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RE: The Large Magellanic Cloud
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Dusty Space Cloud

614848main_pia15254-43_946-710.jpg

This new image shows the Large Magellanic Cloud galaxy in infrared light as seen by the Herschel Space Observatory, a European Space Agency-led mission with important NASA contributions, and NASA's Spitzer Space Telescope. In the instruments' combined data, this nearby dwarf galaxy looks like a fiery, circular explosion.

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Large Magellanic Cloud Cepheids
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Title: Large Magellanic Cloud Cepheids in the ASAS data
Authors: P. Karczmarek, W. A. Dziembowski, P. Lenz, P. Pietrukowicz, G. Pojmanski

A catalogue of Cepheids in the Large Magellanic Cloud (LMC) from the ASAS project is presented. It contains data on 65 fundamental mode pulsators with periods longer than about 8 days. The period-luminosity (PL) relation in the V-band does not significantly differ from the relation determined by Soszynski et al. (2008) from the OGLE data extended toward longer periods but with much larger spread. For objects with periods longer than 40 days there is an evidence for a shallower PL relation. The rates of long-term period variations significant at 3 sigma level are found only for 7 objects. The rates for 25 objects determined with the 1 sigma significance are confronted with the values derived from stellar evolution models. The models from various sources yield discrepant predictions. Over the whole data range, a good agreement with measurements is found for certain models but not from the same source.

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Title: H.E.S.S. observations of the Large Magellanic Cloud
Authors: Nu. Komin, A. Djannati-Ata, Y. Gallant, V. Marandon, C.C. Lu, S. Ohm, E. de Oa Wilhelmi, for the H.E.S.S. collaboration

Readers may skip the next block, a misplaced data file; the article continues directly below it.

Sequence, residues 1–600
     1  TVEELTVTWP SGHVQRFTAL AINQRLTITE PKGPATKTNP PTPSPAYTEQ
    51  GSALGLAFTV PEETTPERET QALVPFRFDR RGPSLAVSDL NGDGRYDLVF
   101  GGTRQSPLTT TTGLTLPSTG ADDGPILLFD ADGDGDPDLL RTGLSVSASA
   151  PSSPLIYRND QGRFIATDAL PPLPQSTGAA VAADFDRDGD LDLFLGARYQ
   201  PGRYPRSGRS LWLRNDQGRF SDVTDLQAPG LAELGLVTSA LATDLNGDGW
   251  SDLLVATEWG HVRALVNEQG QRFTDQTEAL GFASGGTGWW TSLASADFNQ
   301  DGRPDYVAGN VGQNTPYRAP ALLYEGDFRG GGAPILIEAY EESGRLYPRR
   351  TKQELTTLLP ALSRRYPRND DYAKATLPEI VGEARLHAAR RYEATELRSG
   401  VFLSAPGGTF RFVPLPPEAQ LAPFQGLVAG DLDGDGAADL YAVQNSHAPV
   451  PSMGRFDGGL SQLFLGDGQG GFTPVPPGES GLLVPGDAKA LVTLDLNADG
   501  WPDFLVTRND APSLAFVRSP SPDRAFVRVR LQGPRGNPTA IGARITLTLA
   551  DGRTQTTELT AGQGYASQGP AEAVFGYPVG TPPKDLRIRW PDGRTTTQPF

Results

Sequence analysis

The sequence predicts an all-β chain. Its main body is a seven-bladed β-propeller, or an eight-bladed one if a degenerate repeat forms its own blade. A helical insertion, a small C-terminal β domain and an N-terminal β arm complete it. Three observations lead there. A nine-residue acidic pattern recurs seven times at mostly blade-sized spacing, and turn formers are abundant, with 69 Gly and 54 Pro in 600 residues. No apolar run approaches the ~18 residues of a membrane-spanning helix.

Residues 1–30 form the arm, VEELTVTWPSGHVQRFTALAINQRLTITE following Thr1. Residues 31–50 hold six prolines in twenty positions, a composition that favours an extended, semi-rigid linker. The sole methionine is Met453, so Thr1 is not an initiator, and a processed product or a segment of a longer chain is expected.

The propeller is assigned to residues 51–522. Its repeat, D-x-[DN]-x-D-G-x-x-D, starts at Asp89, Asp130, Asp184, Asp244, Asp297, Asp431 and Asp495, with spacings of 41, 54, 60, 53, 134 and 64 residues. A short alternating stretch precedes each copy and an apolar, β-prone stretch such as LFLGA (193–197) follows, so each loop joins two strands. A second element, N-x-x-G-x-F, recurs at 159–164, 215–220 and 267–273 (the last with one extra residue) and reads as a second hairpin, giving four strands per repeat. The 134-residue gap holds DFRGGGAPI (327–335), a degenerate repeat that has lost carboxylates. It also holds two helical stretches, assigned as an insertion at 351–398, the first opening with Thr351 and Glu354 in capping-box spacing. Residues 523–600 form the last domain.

The Large Magellanic Cloud (LMC) is a satellite galaxy of the Milky Way at a distance of approximately 48 kpc. Despite its distance it harbours several interesting targets for TeV gamma-ray observations. The composite supernova remnant N 157B/PSR J05367-6910 was discovered by H.E.S.S. being an emitter of very high energy (VHE) gamma-rays. It is the most distant pulsar wind nebula ever detected in VHE gamma-rays. Another very exciting target is SN 1987A, the remnant of the most recent supernova explosion that occurred in the neighbourhood of the Milky Way. Models for Cosmic Ray acceleration in this remnant predict gamma-ray emission at a level detectable by H.E.S.S. but this has not been detected so far. Fermi/LAT discovered diffuse high energy (HE) gamma-ray emission from the general direction of the massive star forming region 30 Doradus but no clear evidence for emission from either N 157B or SN 1987A has been published. The part of the LMC containing these objects has been observed regularly with the H.E.S.S. telescopes since 2003. With deep observations carried out in 2010 a very good exposure of this part of the sky has been obtained. The current status of the H.E.S.S. LMC observations is reported along with new results on N 157B and SN 1987A.